6. Be the gate keeper…..the early days of learning to breastfeed are usually filled with fumbling and adjusting as mom and baby learn the dance of latching. Mothers may find it hard to manage and focus if there are many visitors stopping in. Help decrease visitors, and you may also want to hold off on long visits until she requests it or feels up to them!

7. Send encouraging texts and emails….let her know how proud you are of her efforts to breastfeed, her dedication to breastfeeding, her amazing mothering abilities…….a simple text like ” You are an awesome mom and every drop of breastmilk you give your baby is a precious gift!” can carry her to through a long feeding at 2 am or a round of evening cluster feedings!

8. If she needs help…help her find good help…..IBCLC’s are the gold standard for  lactation care, bring her a list of local IBCLC’s to call on if she is having any issues!

9. Look up her local chapter of La Leche League and help her get to a meeting! Mother to mother breastfeeding support is invaluable…..she needs to feel like she is not alone…..even if everything is going well, it is good to meet other like-minded moms doing all the same things she is!

10. Help educate others around the new mother about ways to help support her! If you are reading this blog, there is a strong likelihood that you have a new mom in your life…..pass this blog on to others in her life as well.  Create a “village” around this new mom to inspire and support her on the journey of breastfeeding her baby.  Each child we see breastfed in this generation will contribute to a healthier and happier world in the next!!

Meet the BABE IBCLCs…Leah Jolly

22 Nov

My journey towards Lactation consultant work started with my love for science. I grew up thrilled with anything science and nature. I explored my world with the eyes of a scientist. I was so interested in the natural course of life and as I moved through my school aged years my interest grew and I was drawn into science as a career path in college.  I began college sure I wanted to work with animals but after a year of veterinary nursing school I was not so sure, I found my self more drawn to human life and sciences. So I transferred to University of Houston Clear-Lake and acquired a degree in Biology.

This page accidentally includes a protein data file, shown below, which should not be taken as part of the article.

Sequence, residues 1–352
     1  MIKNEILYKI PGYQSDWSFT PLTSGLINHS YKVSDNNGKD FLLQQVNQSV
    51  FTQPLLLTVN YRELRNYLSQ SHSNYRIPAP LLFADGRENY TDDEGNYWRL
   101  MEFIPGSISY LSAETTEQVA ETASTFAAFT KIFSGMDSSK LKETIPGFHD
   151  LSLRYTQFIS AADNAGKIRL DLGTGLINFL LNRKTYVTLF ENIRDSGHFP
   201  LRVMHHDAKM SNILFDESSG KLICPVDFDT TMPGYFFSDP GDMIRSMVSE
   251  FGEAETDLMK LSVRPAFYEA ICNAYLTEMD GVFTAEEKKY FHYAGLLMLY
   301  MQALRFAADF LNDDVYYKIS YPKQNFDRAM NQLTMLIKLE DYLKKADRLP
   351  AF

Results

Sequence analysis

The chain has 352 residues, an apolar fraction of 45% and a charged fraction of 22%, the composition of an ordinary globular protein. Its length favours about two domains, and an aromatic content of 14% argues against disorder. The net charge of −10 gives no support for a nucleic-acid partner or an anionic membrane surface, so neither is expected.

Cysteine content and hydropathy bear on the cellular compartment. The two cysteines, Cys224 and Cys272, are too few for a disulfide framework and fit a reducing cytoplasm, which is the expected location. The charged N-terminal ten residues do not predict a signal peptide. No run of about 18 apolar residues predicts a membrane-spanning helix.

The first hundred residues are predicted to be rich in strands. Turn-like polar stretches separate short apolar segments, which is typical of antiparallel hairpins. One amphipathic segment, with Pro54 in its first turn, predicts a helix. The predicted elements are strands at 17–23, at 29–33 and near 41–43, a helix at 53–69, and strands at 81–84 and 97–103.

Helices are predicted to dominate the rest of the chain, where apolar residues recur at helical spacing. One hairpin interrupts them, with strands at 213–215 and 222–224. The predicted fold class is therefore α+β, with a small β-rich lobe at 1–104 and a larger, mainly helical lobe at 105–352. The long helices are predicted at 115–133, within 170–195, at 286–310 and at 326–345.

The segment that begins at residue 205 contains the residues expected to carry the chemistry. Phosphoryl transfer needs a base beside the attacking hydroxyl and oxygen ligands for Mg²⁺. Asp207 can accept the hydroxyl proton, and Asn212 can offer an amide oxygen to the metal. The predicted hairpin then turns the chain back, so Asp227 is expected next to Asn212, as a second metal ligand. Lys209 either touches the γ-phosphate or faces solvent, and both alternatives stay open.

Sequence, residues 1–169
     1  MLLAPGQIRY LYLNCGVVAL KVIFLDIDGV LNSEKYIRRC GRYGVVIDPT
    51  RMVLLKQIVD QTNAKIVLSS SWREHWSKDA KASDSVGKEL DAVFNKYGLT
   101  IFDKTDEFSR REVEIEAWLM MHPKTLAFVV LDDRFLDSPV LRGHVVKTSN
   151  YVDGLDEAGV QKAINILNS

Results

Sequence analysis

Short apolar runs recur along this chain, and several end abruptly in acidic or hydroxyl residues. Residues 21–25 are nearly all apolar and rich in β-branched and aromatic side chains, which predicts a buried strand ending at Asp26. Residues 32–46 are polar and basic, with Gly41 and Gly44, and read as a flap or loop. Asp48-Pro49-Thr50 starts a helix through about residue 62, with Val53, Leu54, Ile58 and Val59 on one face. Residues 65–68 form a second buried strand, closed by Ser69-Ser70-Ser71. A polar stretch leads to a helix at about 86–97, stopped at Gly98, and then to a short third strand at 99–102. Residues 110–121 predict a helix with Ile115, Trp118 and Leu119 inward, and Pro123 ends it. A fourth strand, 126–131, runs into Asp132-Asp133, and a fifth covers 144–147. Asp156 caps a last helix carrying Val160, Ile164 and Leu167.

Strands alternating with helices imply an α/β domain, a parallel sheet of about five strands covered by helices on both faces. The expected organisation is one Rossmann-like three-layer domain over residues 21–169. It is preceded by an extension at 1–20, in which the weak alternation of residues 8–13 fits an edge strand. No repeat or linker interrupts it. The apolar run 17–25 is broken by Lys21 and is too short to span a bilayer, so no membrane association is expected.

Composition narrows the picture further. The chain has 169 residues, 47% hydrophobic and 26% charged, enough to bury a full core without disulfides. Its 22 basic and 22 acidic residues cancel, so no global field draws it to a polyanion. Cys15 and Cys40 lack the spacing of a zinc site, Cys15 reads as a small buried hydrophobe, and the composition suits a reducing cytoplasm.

In my last year of college I met and married my husband. We started our family a year later. My first breastfeeding experience came when my first son arrived and due to his oral motor hypotonia, we struggled a great deal and with a lack of support to continue through the struggles, we only had 4 weeks of breastfeeding. I was devastated and determined to have a different experience the next time. When my second arrive, in 2003, after a very traumatic birth, breastfeeding started on another difficult path. Determined to not give up, I sought the support of my local La Leche League group and this is where it all began.  Even though we still had a very difficult time breastfeeding, the support and encouragement made it all so much easier! After a year with the group, I began my work to become a leader.

We had two more children, in 2005 and 2009 and with each one my breastfeeding experiences became more and more positive and less difficult.  I continued my work with La Leche League and loved helping moms achieve their breastfeeding goals. I was so reward to give back what was given to me! In the fall of 2010 I decided I want to be able to help moms even more and made plans to sit for the 2011 IBCLC exam.  I met Misti through our La Leche League work and we decided to become study partners…..well the rest is history!! My dreams have come true beyond measure! I absolutely love working as an IBCLC. I love empowering moms to listen to their own voice and their baby. It is a joy to be part of such a special part of the mothering journey! Daily, I am amazed at the strength and perseverance of mothers. I look forward to many years of working with moms and babies!